UNFPA: Bringing HIV services directly to communities in Côte d'Ivoire
21 April 2008
This story was first published on UNFPA.org
SAN PEDRO, Côte d’Ivoire
“I’m here because I have four children,” explains a 48-year-old sex worker, who asked that her name not be used. Today she is being tested for HIV at a mobile health clinic, run by the volunteers of the Association for the Promotion of Mother, Child and Family Health (APROSAM) which is supported by the United Nations Population Fund (UNFPA).
After her husband died in an accident, she ran away from her home in Nigeria rather than marry his younger brother as is the custom in her region. With no means to support her children, or pay for their school fees, she turned to sex work to ensure her family’s survival. She earns as little as $2 per client and sends the money to her sister in Abidjan, where her children live.
Midwife Odette Koffi-Brou helped create APROSAM to serve the health needs of the residents of Bardot, one of the largest shantytowns in West Africa. Bardot is home to 80 per cent of San Pedro’s 160,000 residents. Each of its 24 districts is served by two APROSAM volunteers.
For Koffi-Brou, people who engage in sex work should not be stigmatized, but should be treated like any other client in need of health services.
“It’s not our role to talk them out of prostitution,” Koffi-Brou says. “Our role is to sensitize them and protect them against HIV.”
In Bardot, the majority of HIV infections are sexually transmitted or associated with parent-to-child transmission. HIV vulnerability, like poor sexual and reproductive health generally, is exacerbated by social drivers including poverty, gender inequality and social marginalization.
Bringing services directly to the people
Instead of trying to get people living in poverty to visit a doctor’s office, the clinic delivers services directly to their doors in the heart of the shantytown.
Inside the mobile clinic, a pristine reception area leads to the examination room with gleaming medical equipment. The clinic is clean, bright and very professional and is serviced by one doctor, one counsellor and a technician.
Dr. Pascal Attobrat is a volunteer doctor working for the mobile clinic. “We see how AIDS has invaded this population. It is very important to teach the population about how to prevent and treat this disease,” he explains. “Everybody is involved with this disease.”
“The mobile clinic plays a very important role,” said Philippe Delanne, the Côte d’Ivoire Representative for UNFPA, the United Nations Population Fund. “With its trained personnel and volunteers, it can reach multiple towns and villages targeting sex workers, internally displaced persons and those made vulnerable by the crisis in Côte d'Ivoire who might otherwise not have access to health services.”
Staying healthy and positive
Clinic volunteer Theodore Magui is HIV-positive. He is happy to be an example showing that you can be living with HIV and still in good health. When clients see a healthy person living with the virus that they also carry, they feel more comfortable in confiding in him.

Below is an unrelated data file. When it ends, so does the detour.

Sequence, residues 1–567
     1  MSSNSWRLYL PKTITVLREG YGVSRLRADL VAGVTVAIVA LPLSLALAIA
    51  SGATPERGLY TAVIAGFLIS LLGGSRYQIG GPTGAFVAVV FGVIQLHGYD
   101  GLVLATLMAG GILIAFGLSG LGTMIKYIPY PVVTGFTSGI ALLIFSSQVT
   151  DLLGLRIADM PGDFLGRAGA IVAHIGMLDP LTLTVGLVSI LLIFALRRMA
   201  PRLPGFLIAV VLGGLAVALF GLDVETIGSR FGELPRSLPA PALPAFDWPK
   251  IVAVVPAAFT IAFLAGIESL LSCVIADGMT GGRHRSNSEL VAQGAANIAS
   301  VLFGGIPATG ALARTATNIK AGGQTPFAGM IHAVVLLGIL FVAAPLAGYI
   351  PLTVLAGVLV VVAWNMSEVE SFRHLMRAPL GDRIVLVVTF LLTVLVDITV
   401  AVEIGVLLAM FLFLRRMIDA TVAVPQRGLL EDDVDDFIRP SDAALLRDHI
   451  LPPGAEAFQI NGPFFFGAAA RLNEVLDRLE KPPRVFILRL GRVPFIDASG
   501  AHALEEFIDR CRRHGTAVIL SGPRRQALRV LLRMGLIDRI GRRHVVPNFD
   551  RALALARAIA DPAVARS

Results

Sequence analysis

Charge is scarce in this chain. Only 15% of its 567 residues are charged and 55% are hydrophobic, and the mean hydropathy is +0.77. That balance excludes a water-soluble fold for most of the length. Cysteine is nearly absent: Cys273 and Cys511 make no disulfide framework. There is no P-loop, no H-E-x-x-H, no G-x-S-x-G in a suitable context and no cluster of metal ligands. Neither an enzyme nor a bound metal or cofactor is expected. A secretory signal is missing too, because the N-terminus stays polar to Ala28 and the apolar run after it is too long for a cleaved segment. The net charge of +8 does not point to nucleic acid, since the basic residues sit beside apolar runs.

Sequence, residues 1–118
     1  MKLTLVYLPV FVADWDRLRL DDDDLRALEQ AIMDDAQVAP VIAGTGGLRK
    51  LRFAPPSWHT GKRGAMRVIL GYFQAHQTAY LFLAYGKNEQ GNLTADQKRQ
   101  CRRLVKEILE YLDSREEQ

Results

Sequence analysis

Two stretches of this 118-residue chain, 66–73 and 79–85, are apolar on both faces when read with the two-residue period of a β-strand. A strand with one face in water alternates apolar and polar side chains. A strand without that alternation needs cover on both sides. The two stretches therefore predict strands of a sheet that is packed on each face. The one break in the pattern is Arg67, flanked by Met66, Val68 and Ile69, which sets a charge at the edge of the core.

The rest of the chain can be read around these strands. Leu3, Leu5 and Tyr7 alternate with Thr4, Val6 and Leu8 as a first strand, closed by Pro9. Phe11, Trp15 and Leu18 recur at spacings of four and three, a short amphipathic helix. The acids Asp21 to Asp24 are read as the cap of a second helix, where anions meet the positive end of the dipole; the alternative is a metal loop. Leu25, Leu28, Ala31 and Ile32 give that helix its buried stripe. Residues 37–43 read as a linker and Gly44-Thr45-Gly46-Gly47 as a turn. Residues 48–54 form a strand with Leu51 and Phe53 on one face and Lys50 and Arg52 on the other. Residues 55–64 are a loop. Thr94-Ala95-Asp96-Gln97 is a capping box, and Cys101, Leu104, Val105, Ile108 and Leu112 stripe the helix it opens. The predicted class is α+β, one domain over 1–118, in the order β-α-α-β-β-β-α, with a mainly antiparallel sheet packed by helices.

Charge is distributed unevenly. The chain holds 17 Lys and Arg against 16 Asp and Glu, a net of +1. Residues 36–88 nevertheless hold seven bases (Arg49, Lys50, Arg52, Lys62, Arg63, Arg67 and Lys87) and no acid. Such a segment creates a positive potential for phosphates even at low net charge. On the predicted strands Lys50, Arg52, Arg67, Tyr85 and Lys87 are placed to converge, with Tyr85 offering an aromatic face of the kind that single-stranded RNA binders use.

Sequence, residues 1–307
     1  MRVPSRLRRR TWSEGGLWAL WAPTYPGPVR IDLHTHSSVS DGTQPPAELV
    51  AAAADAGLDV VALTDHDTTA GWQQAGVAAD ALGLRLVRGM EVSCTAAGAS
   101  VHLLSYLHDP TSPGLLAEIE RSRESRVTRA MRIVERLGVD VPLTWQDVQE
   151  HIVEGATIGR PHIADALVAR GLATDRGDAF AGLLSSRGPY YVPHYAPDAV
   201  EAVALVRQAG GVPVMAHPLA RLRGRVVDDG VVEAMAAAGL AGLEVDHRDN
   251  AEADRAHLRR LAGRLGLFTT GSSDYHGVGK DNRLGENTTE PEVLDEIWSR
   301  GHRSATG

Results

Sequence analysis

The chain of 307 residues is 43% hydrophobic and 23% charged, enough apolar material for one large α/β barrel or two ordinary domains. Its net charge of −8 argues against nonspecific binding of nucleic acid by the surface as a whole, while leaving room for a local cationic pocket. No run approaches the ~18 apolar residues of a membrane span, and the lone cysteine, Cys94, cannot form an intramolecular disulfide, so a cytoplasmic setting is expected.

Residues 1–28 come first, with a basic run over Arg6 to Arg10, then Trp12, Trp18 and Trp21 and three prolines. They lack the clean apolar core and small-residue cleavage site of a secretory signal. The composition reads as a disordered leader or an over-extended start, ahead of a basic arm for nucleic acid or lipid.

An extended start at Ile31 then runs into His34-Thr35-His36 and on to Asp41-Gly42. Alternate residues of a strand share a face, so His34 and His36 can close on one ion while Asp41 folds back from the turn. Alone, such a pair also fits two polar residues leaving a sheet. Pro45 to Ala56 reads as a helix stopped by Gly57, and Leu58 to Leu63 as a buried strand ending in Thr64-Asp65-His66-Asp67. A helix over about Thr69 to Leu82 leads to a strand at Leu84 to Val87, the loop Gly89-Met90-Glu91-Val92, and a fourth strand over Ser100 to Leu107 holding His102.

Knowing your HIV status is empowering, Theodore insists. “When you live in ignorance and fall sick, it’s not good,” he says. “It’s better to have the test, know your status and get the medicine you need.
Stemming the spread of the disease
APROSAM volunteers also visit the homes of those living with the virus to offer support, prevent mother-to-child transmission and provide counselling about treatment.
HIV-positive volunteer Eloise Tohsede threads her way through the maze of shanty shacks. Tonight Eloise is visiting 32-year-old Cecile, whose baby girl was born five days earlier. Cecile’s partner left her when she tested positive for HIV. Her young son also tested positive for the virus, but she doesn’t know yet if her infant has contracted the disease. Eloise urges Cecile to seek treatment using her status certificate, which will enable her to get low-cost medication.
“I’m telling my sisters, ‘You are not alone. Your life can continue. You can take medicine and have hope,’” says Eloise, her smile lighting up the dim room. “If you take your medicine and continue to see a doctor, you can live a long time.”
Community-based AIDS response
UNFPA recognizes that a community-based approach, like that of APROSAM, is essential when responding to the AIDS epidemic and stemming its spread. UNAIDS supports this approach.
“Community-based initiatives are an extremely important part of a multisectoral national response to the AIDS epidemic as they can reach populations who are in real need and who otherwise have no means of access,” said UNAIDS Country Coordinator Cote d’Ivoire, Aoua Paul Diallo Diawara.
“Reaching people with the HIV services they need most is a critical step and a vital step towards achieving universal access to HIV prevention, treatment and care.”
UNFPA is funding the completion of a new maternity clinic in neighbouring Zimbabwe, mirroring the successful Bardot model. The equipped centre, which will offer HIV testing and treatment as well as other maternal and reproductive health services, will cost about $80,000 to complete.